At the same time, Sekuru Chigamba observes that residents of Guruve also use the word humbekumbe as a name for any ceremony where this type of music is played. Thus, people would refer to “going to humbekumbe.” He describes tise practice of using the name of a musical genre to refer to a ceremonial occasion at which it will be played as widespread, stating that people similarly refer to “going to dandanda,” “going to dinhe,” or “going to mbira.”
Sekuru Chigamba names dandi (or madanhi) as another type of ngoma music played in Guruve. He describes this ngoma genre as related to another type of music, played for the mapfeni spirits. Yet, dandi is not exactly the same. As Sekuru Chigamba explains:
Madanhi, that’s dandi. That dance is like the one played for the baboon spirits. They are almost the same. It’s related to mapfeni, because if there is one who has the spirit of baboon he can start dancing. And the baboon can possess there, and start climbing the tree.
So now, madanhi is for strong people. When they say they are doing madanhi, it is to make people dance. They will be showing how much energy they have… When it is dandi, only one dancer enters at a time, jumping high in the air, spinning around, and coming back to face the drums.
The last ngoma genre Sekuru Chigamba identifies with Guruve is one called chidzimba. Chidzimba is associated with hunting spirits, which fall into a class of spirits known as mashave. The spirits of people or animals from outside the family’s ancestral line, the mashave are often credited with bestowing various talents, such as hunting, healing, dancing, and playing music, upon their chosen hosts. While chidzimba make be played differently in other areas of Zimbabwe, Sekuru Chigamba describes it as played on a single drum in Guruve:
Chidzimba, they play just one drum. Chidzimba, you dance like mbira dance. They play for the spirits of hunters. That’s the best drum for the hunters.
Other Korekore drumming styles
Just as certain types of mbira are specific to different areas, many ngoma genres are also highly localized. As a result, the ngoma genres that Sekuru Chigamba associated with Guruve may not be played even within other areas of Zimbabwe’s Korekore-speaking northeast. While visiting Rushinga with the BBC in 1995, for example, Sekuru Chigamba experienced several other styles of Korekore drumming, including the ritual ngoma genres of mafuwe and teura, and the more recreational ngoma genres of jiti and chizokoto.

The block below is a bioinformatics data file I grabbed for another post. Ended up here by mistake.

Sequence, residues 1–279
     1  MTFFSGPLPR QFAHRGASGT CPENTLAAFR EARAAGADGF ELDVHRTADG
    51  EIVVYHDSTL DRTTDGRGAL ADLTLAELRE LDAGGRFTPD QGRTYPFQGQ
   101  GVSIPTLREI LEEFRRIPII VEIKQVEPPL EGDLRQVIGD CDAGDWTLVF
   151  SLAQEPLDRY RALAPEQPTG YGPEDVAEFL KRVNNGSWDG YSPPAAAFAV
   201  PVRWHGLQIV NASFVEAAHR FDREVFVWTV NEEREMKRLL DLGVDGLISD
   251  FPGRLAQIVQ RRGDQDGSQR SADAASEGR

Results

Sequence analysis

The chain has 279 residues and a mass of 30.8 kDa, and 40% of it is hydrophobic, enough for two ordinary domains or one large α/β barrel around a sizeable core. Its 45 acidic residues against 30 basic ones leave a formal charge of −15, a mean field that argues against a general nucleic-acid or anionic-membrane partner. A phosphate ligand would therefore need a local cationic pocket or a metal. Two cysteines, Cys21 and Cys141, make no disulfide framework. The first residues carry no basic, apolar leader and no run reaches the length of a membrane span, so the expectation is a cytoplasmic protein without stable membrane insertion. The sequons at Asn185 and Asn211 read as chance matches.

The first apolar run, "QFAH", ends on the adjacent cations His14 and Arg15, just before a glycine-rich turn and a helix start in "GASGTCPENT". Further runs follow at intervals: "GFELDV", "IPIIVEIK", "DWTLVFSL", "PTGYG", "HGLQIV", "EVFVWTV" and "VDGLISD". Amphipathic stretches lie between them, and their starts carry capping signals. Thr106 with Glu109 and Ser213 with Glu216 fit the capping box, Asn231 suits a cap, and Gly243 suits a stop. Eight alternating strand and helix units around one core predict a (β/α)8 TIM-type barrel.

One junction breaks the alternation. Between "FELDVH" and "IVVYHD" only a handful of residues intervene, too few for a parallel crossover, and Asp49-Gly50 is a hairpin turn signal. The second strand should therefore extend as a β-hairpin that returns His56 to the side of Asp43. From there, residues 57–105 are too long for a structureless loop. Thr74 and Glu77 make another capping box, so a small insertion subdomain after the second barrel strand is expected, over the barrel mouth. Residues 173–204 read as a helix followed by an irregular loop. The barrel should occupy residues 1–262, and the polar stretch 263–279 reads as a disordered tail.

Ngoma in historical perspective
There are few written records describing ngoma performance in the precolonial era. Yet available archival evidence suggest that like the mbira, ngoma has long been associated with political authority. Drawing from the sixteenth-century Portuguese explorer João Dos Santos, for example, Zimbabwean historian Stan Mudenge has suggested that the rulers of the Mutapa state had professional musicians in their employ, including singers, drummers, dancers, and mbira players.
Joining this archival evidence, oral histories suggest that ngoma has evolved in response to changing social conditions. During the early colonial period, for eample, ngoma performance was increasingly restricted as missionaries sought to transform Zimbabwean musical practice by replacing indigenous styles with European ones. Instruments associated with ritual, such as the mbira, were subject to particular scrutiny. Yet even predominantly recreational ngoma styles were widely discouraged, partly because of their associations with dancing bodies.